Bucharest municipality will receive EUR 254 million as a public grant to rehabilitate its public heating system. The money comes from European structural funds and the aid will help Bucharest administration repair the pipeline systems trough which the hot water flows towards the beneficiaries.
In Bucharest there are more than 1.2 million inhabitants who rely on the public heating system and the problems are huge.
The problem in Bucharest is so big as the public heating system failure in Bucharest was, according to political analysts, one of the major points which helped the current Bucharest city mayor win the local elections in September 2020.
One of the famous posters from the last days of the campaigns promised hot water for the Bucharest city dwellers if Nicusor Dan was to be elected.
“You will be able to take a shower…”
The poster says: “Imagine it’s Monday, 28. Nicusor Dan has won the elections. You will be able take a shower.“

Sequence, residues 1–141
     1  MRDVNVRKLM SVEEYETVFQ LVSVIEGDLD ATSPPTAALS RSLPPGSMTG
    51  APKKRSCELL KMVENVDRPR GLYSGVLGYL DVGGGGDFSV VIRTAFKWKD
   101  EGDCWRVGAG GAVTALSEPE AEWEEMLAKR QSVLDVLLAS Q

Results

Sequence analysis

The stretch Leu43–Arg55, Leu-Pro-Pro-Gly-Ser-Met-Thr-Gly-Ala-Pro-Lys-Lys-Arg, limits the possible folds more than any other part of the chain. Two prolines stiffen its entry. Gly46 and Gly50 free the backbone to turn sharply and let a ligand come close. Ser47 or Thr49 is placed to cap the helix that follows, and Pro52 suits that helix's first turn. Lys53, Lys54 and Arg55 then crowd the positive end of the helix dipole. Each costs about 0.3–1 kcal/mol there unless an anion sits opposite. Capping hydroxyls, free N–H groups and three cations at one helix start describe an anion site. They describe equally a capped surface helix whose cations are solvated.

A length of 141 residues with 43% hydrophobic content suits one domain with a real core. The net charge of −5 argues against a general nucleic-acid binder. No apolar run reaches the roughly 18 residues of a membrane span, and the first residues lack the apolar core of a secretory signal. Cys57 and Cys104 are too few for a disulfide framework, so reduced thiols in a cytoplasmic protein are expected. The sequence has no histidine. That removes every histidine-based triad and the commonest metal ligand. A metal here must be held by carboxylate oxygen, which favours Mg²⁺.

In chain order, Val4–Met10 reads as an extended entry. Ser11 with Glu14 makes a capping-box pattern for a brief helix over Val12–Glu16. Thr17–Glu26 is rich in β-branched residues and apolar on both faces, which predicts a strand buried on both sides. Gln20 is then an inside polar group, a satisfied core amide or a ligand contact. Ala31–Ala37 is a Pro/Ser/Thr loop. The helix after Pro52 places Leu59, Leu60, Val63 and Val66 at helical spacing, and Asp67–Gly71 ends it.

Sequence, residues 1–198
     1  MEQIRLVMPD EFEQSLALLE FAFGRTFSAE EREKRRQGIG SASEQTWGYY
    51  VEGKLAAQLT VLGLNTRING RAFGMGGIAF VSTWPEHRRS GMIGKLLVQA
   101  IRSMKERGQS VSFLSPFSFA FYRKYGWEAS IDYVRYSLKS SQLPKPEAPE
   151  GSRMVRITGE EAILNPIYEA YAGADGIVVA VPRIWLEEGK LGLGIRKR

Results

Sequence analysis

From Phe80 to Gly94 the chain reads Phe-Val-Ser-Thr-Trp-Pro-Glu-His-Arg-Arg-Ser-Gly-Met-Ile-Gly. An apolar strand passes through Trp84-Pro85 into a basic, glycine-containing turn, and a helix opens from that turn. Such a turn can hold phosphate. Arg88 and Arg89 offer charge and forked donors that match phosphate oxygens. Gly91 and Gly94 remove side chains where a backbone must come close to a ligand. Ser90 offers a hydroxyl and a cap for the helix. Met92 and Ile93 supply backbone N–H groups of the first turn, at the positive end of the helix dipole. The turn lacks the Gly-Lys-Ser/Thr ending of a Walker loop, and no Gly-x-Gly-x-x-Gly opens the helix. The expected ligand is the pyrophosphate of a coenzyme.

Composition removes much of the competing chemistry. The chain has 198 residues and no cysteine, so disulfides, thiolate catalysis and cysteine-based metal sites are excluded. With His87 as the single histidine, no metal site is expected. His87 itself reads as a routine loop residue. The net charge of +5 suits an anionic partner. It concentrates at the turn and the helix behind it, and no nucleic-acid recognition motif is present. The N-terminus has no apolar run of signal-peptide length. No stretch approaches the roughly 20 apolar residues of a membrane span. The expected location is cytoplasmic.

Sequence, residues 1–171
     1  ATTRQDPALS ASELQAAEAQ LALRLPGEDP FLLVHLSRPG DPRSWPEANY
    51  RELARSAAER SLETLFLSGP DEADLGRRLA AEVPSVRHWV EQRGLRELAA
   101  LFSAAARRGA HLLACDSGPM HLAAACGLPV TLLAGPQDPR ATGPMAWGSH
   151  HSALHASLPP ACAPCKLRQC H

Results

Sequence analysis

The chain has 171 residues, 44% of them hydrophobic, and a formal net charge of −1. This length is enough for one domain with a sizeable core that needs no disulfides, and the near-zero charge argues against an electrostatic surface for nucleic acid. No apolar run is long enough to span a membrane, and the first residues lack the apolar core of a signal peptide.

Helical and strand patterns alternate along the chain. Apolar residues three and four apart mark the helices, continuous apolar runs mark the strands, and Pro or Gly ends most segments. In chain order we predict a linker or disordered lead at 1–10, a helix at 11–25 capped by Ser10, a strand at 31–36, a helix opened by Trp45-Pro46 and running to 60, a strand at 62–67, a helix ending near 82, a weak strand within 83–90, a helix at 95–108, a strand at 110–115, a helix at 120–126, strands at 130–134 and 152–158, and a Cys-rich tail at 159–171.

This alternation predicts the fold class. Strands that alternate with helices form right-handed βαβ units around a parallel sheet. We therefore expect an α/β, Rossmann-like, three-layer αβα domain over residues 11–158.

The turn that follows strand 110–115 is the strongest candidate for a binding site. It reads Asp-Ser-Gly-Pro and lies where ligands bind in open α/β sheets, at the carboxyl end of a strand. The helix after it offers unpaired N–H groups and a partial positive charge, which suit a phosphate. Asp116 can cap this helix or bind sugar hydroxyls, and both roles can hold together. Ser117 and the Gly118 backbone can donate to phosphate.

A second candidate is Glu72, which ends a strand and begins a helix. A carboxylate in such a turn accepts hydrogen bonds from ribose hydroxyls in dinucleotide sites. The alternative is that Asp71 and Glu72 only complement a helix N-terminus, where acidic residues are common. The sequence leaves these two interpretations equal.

It seems, as many of the promises from the political campaign, that the shower had to wait some good months, though. Bucharest dwellers barely took showers during this winter, as the hot water was almost always freezing cold. Besides, the radiators’ temeperature was subject to social media jokes.
One of the jokes goes like that:
– What does a radiator tell the Bucharest city dweller when he touches it: “What a warm hand you have, my master!“
Joking aside, this winter was one of the harshest of all times for more than 1 million inhabitants.
The solution for Bucharest public heating system: European funds
Maybe the current mayor delayed to offer the promised hot shower for the Bucharest dwellers, but at least now he will be able to deliver. Not through municipality funds, but through European funds.
Anyway, for a problem as huge as EUR 254 million, only the European funds could solve the situation.
940 km of thermal pipelines for the transmission system and 2,800 km of pipelines for the distribution system make the biggest public heating system in the EU. Most of this system is not rehabilitated and the pipes are more than 30 years old, many being planted underground during the communist regime.
The investment is expected to considerably reduce heat and water losses along the pipelines.